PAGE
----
Opinion: Is consumerism overshadowing Christmas?

Article and graphic by Tara Elsa, Editor-in-chief

The holidays are a time for celebration and family. But are they still? While many holidays started as celebrations, they have become much more focused on the exchange of gifts and the purchasing of knick-knacks. This has given large companies control of the market and economy.

These large companies want more business and sales from people—or consumers—for personal profit, with whatever means necessary; this is also called consumerism. Consumerism is the act of promoting interests to consumers and often refers to encouraging people to buy unnecessary items. Within the United States, consumerism became more popular in the late 1800s. There was a consumerism boom in the 1920s due to the advancement of technology and society and another boom in the 1950s because of economic growth and rising incomes. The US is a hyper-consumerist society which means that its people dedicate a lot of time, money or other resources to wasteful overconsumption.

Consumerism is still an issue today. Large corporations influence members of society to purchase unnecessary trinkets and items. This is largely encouraged around the holidays such as Thanksgiving, Hanukkah, Christmas and New Years through businesses encouraging individuals to purchase decorations and other “holiday-themed” items. People end up exchanging many small gifts that won’t be used. Big businesses use this to their advantage, and to the disadvantage of small businesses, to sell more items. For example, most large businesses participate in Black Friday deals where they open a door to a flood of people pushing and shoving each other to get to an item that’s maybe 50% off, and these businesses encourage it.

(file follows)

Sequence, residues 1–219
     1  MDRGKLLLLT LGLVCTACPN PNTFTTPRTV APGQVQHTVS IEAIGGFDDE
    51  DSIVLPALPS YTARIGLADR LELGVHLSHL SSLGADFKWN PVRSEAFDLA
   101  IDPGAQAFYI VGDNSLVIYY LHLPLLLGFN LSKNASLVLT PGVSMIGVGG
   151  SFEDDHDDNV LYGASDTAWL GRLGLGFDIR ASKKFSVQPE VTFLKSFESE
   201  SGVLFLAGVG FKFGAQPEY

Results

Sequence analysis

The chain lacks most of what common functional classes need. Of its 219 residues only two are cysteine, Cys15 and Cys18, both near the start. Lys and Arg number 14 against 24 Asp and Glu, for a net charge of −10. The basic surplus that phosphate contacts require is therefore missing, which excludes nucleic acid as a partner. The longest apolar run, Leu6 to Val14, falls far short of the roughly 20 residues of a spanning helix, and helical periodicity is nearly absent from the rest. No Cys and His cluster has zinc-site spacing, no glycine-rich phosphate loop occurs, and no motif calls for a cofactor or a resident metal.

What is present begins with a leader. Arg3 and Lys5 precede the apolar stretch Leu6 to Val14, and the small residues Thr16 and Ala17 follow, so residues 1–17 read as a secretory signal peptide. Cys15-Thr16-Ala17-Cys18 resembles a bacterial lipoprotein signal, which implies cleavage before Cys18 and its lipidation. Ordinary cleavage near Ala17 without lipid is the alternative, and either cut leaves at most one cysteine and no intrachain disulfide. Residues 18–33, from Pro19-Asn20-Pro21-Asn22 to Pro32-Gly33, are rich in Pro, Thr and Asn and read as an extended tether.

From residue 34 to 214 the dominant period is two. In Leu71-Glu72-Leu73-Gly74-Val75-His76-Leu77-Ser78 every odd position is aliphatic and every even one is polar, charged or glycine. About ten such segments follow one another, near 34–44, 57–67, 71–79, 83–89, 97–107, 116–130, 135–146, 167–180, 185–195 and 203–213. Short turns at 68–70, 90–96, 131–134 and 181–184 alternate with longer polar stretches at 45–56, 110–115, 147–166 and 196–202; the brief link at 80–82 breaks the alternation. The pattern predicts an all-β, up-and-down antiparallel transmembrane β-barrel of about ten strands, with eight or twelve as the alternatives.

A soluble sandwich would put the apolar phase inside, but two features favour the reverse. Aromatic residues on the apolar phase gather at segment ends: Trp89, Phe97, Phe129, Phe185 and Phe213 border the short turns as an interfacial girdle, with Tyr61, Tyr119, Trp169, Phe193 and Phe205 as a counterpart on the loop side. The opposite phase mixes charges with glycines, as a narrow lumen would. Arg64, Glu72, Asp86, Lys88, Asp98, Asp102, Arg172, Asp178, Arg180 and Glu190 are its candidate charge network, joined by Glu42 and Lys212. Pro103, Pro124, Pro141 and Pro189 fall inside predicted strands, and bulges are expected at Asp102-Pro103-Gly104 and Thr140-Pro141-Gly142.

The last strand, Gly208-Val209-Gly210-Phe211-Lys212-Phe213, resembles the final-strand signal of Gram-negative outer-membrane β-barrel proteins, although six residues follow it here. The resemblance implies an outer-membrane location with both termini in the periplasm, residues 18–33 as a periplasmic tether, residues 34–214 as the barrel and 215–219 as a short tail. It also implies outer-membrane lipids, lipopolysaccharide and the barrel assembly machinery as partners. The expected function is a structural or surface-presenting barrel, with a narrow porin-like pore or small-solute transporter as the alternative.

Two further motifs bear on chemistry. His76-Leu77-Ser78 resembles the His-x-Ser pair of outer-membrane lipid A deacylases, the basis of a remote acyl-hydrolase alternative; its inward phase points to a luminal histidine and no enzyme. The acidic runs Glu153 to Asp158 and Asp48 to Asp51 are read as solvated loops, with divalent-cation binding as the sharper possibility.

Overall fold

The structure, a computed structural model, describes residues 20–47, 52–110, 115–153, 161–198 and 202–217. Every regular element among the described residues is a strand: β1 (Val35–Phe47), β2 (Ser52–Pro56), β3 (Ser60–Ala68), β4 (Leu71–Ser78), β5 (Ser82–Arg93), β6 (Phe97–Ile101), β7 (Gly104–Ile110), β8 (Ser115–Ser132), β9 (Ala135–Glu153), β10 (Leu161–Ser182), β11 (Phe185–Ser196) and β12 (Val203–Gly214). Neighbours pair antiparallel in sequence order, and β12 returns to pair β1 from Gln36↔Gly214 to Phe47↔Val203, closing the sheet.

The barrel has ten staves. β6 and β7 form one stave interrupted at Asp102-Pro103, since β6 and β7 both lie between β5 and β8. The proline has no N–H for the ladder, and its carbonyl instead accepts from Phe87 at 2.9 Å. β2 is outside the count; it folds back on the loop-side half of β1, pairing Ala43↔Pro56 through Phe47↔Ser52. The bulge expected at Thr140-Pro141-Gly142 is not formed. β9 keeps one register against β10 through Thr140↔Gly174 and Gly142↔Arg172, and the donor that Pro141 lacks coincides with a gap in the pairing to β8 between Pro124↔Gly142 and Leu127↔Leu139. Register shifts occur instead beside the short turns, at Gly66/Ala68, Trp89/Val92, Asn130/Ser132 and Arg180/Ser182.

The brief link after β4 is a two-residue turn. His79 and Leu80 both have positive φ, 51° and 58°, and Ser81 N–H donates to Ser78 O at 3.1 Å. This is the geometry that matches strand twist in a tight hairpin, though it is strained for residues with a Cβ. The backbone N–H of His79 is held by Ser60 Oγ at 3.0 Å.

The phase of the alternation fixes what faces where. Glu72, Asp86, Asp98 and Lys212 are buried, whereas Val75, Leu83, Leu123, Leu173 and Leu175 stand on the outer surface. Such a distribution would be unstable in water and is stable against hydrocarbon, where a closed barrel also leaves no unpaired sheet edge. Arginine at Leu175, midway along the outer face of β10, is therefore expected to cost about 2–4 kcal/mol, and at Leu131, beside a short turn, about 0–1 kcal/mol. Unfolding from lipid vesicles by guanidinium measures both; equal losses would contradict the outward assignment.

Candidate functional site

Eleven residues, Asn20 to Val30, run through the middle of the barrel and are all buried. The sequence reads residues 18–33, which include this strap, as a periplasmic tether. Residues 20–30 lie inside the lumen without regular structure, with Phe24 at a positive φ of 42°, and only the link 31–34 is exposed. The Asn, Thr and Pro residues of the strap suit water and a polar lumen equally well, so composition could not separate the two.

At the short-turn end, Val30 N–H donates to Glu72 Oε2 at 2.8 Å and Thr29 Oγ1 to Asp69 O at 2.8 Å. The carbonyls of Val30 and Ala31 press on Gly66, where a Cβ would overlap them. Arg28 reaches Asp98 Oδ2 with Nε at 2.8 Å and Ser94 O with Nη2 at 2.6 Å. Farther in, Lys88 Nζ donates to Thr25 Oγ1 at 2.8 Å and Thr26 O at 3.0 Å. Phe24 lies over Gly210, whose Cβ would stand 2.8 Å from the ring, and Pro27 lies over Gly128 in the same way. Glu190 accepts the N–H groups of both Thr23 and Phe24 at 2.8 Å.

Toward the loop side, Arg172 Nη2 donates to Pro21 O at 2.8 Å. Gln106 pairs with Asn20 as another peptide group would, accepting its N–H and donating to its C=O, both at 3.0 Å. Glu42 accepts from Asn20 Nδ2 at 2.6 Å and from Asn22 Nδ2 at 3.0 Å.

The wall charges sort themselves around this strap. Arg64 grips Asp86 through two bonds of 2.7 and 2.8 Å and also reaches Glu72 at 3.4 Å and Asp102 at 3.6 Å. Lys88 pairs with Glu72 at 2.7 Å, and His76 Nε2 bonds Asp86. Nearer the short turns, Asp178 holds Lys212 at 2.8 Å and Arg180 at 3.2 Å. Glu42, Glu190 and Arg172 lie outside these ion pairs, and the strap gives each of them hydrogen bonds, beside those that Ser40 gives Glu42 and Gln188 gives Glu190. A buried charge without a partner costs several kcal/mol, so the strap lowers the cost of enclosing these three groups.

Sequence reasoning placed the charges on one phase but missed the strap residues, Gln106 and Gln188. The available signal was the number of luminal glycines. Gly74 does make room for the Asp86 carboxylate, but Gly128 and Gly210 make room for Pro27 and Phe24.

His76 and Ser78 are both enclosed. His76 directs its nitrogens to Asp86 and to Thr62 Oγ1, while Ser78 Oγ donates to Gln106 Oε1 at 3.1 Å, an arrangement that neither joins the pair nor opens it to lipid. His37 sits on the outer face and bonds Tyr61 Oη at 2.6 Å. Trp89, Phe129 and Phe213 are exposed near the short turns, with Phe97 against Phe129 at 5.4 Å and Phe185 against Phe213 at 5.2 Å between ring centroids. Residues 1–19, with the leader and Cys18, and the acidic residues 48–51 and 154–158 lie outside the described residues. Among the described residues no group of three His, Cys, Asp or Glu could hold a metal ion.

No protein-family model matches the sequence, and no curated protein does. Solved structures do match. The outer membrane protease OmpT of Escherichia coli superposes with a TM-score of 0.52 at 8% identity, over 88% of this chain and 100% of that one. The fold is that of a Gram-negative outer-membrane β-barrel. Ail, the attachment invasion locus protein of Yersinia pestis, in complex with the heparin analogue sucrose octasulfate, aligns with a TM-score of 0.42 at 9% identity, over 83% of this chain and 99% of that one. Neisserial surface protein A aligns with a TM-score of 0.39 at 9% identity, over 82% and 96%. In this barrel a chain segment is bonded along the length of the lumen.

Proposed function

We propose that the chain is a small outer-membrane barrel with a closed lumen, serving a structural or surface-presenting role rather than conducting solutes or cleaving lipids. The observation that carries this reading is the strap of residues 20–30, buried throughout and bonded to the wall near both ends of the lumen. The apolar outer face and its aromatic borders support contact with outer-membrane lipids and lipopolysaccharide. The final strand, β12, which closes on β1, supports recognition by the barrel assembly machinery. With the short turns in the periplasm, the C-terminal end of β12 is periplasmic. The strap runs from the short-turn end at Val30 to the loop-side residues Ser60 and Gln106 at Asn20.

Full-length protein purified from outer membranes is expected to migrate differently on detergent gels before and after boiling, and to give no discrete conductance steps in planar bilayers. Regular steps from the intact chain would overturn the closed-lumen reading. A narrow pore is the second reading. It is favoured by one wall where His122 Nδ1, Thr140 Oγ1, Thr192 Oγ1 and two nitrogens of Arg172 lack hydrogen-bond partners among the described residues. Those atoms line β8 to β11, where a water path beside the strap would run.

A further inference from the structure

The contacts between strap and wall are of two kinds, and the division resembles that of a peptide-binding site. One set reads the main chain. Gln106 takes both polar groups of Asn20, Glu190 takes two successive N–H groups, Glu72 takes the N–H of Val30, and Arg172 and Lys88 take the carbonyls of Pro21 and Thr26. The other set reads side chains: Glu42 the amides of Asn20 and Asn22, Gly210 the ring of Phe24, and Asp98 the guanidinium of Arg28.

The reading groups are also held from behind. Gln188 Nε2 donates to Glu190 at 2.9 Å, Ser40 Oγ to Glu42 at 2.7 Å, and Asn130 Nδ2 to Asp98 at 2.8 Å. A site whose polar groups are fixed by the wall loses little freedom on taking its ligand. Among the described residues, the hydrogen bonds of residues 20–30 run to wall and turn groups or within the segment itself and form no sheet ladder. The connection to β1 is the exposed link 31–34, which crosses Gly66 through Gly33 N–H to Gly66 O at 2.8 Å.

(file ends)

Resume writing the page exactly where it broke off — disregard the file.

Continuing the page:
Some people are unhappy about Christmas also causing a capitalist economy, or an economy and its trade being controlled by private owners. Christmas started as a Christian holiday following pagan traditions that celebrated the winter solstice; but it has become a holiday now centered around family and lots of gift-giving.

Most holidays are like this, however. Valentine’s Day, Saint Patty’s Day, Thanksgiving, New Years and even the Fourth of July are also largely influenced by big businesses. They will convince consumers to buy many items, often unnecessary decorations or small gifts.

This holiday season would be a great opportunity to avoid participating in the consumerism that is brought on by large companies. While some of the issues would be solved if everyone chose not to buy unnecessary gifts and goods, the real issue is the large companies having so much control over the economy and society.

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